Patient Advantages for Minimally Invasive Hydrocephalus Surgery

Mark Souweidane

Mark Souweidane M.D.

Affiliation NewYork-Presbyterian/Weill Cornell Primary Specialty Surgery, Neurological (Board Certified) More Specialties Surgery, Pediatric Education/Training Medical School - Wayne State Univ School of Medicine Internship - University of Michigan Medical School Residency - NYU Medical Center Fellowship - Hospital for Sick Children Areas of expertise Stereotactic Surgery Laser Surgery Endoscopy Spinal Cord Tumors Endoscopic Neurosurgery Pineal Region Tumors Moya ... View full profile

Philip Stieg

Philip Stieg M.D. PhD

Affiliation NewYork-Presbyterian/Weill Cornell Primary Specialty Surgery, Neurological (Board Certified) Education/Training Medical School - Medical College of Wisconsin Internship - U Texas Southwestern/Parkland Hosp Residency - U Texas Southwestern/Parkland Hosp Fellowship - Karolinska Institute, Stockholm Areas of expertise Microvascular Surgery Stroke Vascular Malformations Cerebral Vascular Disease Arteriovenous Malformation (AVM) Pineal Region Tumors Vascular ... View full profile

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The typical treatment for the life-threatening condition of hydrocephalus has been revolutionized with advanced minimally invasive endoscopic approaches. Standard practice for children or adults with "water on the brain" or hydrocephalus, has been to insert a shunt, a tube-like structure from inside the brain to the abdominal compartment. These devices, although very effective, are known to carry a substantial life-long risk from problems including infection and blockage. With the development of small caliber endoscopes, minimally invasive techniques are now possible in the brain. One procedure that has gained wide spread appeal replaces the need for placing shunts in patients with hydrocephalus. This minimally invasive procedure, called endoscopic third ventriculostomy (ETV), involves making a small 3-4 mm communication between the third ventricle and the subarachnoid space. The procedure can be done is as little as 15 minutes through a small incision behind the hairline. The majority of patients stay in the hospital for only 1 night. Because there is no implanted device there is no risk of shunt infection or mechanical malfunction.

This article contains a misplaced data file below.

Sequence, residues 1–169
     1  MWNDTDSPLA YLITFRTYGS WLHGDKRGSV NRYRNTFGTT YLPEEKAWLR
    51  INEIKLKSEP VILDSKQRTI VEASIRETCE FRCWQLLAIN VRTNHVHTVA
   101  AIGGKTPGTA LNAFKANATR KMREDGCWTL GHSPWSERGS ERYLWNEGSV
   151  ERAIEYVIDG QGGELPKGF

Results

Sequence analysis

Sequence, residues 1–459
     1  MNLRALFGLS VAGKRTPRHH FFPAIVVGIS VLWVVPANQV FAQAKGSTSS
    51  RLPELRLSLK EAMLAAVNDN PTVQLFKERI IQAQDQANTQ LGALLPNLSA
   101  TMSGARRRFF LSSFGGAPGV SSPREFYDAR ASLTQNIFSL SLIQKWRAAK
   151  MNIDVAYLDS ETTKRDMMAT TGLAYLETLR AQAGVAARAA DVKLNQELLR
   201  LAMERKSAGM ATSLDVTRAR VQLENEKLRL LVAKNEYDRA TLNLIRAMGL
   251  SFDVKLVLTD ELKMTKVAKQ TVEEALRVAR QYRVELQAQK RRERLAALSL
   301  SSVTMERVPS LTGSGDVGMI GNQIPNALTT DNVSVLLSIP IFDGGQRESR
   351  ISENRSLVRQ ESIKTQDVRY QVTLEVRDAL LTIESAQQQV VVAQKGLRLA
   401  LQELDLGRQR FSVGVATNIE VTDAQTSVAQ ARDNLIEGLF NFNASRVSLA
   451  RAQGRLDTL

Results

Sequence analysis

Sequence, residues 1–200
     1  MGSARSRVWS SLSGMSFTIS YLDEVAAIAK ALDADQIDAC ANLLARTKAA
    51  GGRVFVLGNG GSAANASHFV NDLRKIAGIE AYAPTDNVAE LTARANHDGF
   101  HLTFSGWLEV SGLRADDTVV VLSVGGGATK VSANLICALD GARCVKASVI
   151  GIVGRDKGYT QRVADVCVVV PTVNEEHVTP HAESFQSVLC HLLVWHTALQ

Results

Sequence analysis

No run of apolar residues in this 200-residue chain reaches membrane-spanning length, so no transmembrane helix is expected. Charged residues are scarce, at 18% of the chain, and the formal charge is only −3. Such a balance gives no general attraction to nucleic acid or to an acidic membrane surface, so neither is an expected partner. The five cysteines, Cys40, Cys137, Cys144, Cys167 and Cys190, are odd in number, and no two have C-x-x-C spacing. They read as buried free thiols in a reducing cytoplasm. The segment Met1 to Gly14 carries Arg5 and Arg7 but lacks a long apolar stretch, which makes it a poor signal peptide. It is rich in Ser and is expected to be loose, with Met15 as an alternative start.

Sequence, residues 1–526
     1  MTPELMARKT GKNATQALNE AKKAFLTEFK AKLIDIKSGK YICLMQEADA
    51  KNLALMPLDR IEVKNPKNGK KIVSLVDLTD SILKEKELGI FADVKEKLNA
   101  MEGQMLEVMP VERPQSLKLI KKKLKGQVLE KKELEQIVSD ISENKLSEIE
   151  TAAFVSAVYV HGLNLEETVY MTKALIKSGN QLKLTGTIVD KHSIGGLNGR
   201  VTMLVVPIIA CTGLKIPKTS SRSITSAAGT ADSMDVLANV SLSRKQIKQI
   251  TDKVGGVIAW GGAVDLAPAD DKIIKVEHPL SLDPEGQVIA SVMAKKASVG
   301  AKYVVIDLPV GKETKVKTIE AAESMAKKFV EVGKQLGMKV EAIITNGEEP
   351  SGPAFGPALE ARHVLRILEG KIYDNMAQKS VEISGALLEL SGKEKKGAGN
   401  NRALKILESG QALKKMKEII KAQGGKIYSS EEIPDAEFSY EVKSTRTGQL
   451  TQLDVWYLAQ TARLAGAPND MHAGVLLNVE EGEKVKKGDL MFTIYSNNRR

In the ensuing OR Live segment a young child with hydrocephalus is treated with ETV. You will meet the child and his family, listen to a detailed discussion regarding the treatment and how ETV compares with shunting, hear about the potential risks of ETV, and learn which patients are candidates for this exciting and newest available treatment for hydrocephalus. Additionally, you will actually witness this minimally invasive surgery as an observer in the operating room and through the lens of the endoscope within the brain.

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